|Died||28 February 2005 (aged 50)|
Édouard Stern (18 October 1954 – 28 February 2005) was a French banker famously murdered Geneva, Switzerland, by a woman he had a four-year relationship with. At the time of his death, he was the 38th richest French citizen.
Édouard Stern was born in 1954 to one of France's wealthiest families, the owners of the private investment house Banque Stern. His father, Antoine Jean Stern is a descendant of a notable family of bankers, going back to 19th-century Frankfurt, and his mother was Christiane Laroche, former wife of French journalist and politician Jean-Jacques Servan-Schreiber. He is the great grandson of Edgard Stern.
Keen to follow in his father's footsteps, Stern graduated from the Ecole Supérieure des Sciences Economiques et Commerciales (ESSEC Business School) in Paris with a degree in finance before joining the family's private investment house in 1977.
Aged 22, Stern took the reins of Banque Stern with a clear mandate to revitalize the nearly bankrupt institution. During the 1980s, Stern revamped the bank, expanding its activity in financial markets, as well as in mergers and acquisitions. In 1985, Stern sold the bank for 300 million francs ($60 million in 2005 dollars) to Lebanese investors. Thanks to a clause attached to the contract, Stern got to keep the copyright over his last name. Immediately after the sale went through, Stern started a new bank, with a similar name and business profile, drawing in many of his former clients. He sold this second institution for an estimated 1.75 billion francs in 1988 to the Swiss Bank Corporation (SBS, which will later merge with UBS to form UBS S.A.). As a result of these transactions, Stern shot up the ranks of the richest families in France, occupying the 38th spot, according to Forbes.[deprecated source]
In 1992, he joined Lazard Frères as managing partner and quickly became one of the firm's star bankers and heir-apparent. He tried to reduce overhead and bring in younger partners but clashed with Michel David-Weill, the bank's head and his father-in-law. He quit Lazard Frères in 1997 and set up his own investment fund, Investment Real Returns (IRR). He owned half and the remainder was held by Eurazeo, a Lazard holding company and Mainz Holdings Ltd., a U.S. Virgin Islands firm that Stern wholly owned. He maintained cordial relations with David-Weill, who invested $300 million in IRR.
In 2000, Stern bought shares in the London-based Delta PLC, an international engineering group that was revising its corporate strategy. His stake eventually increased to 26% and after applying considerable pressure, he was named non-executive chairman on 31 December 2003. After his death, Delta was taken over by the US company, Valmont. In October 2003, Stern sued Rhodia, alleging false accounting and insider dealing.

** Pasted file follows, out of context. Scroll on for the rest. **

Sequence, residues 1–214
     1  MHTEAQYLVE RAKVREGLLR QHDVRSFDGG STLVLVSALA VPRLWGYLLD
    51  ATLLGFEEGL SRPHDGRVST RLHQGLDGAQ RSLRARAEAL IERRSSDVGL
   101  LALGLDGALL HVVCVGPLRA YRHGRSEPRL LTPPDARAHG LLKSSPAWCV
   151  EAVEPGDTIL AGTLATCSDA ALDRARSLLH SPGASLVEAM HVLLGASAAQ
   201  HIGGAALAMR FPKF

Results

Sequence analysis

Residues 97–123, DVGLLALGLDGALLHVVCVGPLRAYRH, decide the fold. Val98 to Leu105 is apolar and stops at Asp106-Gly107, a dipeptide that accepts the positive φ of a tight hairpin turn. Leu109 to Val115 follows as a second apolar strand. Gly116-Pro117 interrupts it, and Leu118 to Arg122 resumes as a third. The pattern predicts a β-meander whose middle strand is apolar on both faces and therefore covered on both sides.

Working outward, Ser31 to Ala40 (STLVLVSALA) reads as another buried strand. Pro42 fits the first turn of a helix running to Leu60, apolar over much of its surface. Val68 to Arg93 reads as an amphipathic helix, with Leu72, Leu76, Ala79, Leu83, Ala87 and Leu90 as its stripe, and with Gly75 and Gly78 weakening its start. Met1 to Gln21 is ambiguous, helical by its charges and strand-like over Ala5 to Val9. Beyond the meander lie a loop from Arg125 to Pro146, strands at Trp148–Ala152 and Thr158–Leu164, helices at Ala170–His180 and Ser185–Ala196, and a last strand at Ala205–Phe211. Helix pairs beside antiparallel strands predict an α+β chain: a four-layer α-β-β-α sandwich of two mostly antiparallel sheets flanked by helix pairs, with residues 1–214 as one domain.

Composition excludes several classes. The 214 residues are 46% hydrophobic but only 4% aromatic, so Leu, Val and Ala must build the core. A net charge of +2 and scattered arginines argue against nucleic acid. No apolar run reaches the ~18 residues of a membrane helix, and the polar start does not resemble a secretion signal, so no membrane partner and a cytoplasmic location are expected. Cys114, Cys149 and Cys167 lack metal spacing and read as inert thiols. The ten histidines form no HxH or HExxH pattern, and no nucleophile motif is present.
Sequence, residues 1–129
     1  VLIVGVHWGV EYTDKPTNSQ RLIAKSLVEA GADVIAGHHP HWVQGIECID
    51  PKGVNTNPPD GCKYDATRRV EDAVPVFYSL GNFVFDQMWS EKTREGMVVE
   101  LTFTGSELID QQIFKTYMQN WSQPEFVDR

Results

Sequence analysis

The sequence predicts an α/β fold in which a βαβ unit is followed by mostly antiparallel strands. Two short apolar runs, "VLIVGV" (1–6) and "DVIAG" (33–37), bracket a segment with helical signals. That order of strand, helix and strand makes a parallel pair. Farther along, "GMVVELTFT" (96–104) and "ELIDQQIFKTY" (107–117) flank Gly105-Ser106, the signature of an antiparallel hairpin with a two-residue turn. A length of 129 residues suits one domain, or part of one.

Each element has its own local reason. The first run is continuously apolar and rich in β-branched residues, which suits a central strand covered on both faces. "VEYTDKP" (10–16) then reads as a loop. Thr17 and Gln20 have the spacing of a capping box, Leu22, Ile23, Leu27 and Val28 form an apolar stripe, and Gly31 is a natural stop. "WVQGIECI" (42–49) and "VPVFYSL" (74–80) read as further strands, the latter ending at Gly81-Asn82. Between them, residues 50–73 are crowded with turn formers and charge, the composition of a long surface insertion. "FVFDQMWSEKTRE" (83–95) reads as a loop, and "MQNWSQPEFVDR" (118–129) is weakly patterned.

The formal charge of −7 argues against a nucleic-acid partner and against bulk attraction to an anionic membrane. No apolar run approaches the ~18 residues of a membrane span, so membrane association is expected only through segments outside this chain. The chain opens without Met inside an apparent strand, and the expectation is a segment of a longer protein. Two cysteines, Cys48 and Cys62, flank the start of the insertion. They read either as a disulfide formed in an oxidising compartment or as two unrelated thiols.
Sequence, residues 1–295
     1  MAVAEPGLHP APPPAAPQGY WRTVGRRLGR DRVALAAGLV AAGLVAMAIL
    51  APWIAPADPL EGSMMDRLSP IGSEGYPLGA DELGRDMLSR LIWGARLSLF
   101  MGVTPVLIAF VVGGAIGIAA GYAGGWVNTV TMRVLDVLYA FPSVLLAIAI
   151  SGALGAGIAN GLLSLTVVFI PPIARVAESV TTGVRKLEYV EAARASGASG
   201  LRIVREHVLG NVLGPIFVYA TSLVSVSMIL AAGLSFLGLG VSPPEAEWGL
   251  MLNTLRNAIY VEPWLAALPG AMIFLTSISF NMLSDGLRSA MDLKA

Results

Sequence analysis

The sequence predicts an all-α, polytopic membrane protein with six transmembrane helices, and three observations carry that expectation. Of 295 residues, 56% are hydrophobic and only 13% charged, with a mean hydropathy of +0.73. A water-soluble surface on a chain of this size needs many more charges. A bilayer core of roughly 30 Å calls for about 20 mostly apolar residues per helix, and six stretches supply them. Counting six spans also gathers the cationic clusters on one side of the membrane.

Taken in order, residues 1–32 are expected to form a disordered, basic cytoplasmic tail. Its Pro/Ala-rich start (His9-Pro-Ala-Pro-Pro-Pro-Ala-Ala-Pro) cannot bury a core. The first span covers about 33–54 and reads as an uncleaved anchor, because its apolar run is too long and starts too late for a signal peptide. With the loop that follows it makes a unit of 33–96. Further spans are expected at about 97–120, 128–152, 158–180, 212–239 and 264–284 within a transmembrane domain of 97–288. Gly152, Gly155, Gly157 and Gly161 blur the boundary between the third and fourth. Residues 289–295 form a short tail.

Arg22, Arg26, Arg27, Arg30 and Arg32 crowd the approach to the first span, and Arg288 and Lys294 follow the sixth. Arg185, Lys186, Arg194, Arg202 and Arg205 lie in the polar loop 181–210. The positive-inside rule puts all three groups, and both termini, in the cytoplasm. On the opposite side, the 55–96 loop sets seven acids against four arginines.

During his almost three decade long career, Stern amassed a fortune of more than a $1 billion through a series of "often brilliant business deals". His banking style was considered revolutionary for France's so-called "cozy capitalism" as Stern perfected the art of engineering hostile takeovers.
On 28 February Stern was found dead in his apartment in Geneva, his body riddled with bullets. He was found in the bedroom, in a flesh-coloured head-to-toe latex suit. Swiss authorities arrested his long-time lover, Cécile Brossard, over the killing. Brossard, 40, was convicted and on 18 June 2009 was sentenced to eight years and six months in prison. In addition, the Swiss court ordered Brossard to pay Stern's children one Swiss franc for "moral damage". The Wall Street Journal has reported that "Stern's family hopes people will stop talking about the case".
Cécile Brossard was freed on parole in November 2010, after spending five years in detention (including four years while awaiting trial. In 2013, Cécile Brossard talked about her murder for the first time since the trial, confessing that she "eternally regrets" her actions and she misses her lover, who had "a lovely and luminous personality".
The French film "Une Histoire d'Amour''. (titled in English 'Tied') is a direct telling of the story, although the ending there could imply death by dehydration during the Mistress' long plane flight rather than by (a blank) gunshot. The story of Édouard Stern is cited as the inspiration for Olivier Assayas' 2008 film Boarding Gate. The death of Édouard Stern was directly parodied on the FX animated series Archer in the third season episode "Lo Scandalo".
In 1983, Édouard Stern married Béatrice David-Weill, the daughter of Michel David-Weill, president of Lazard Frères. The couple divorced in 1998. Stern is survived by three children. In 1997, Stern became romantically linked to Julia Lemigova, former Miss USSR 1990 with whom he had a son, Maxmillian, who died as an infant under suspicious circumstances.[deprecated source] In 2000, Stern became involved with Cecile Brossard.
Stern was known for his eccentric life style. He was very close to former French President Nicolas Sarkozy. He was a notorious gourmand, once reportedly eating seventy pieces of sushi in one sitting.
- , Telegraph
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-  Report on Stock Market Malpractice
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- , Wall Street Journal
- , CBS News
- "Cecile Brossard, who killed French banker Edouard Stern during S&M session, 'eternally' regrets his death". December 12, 2013. Retrieved December 18, 2015.
- Stern’s Mistress Gets 8 Years, 6 Months for Killing Financier, June 18, 2009, Bloomberg L.P.
- Imdb.com entry
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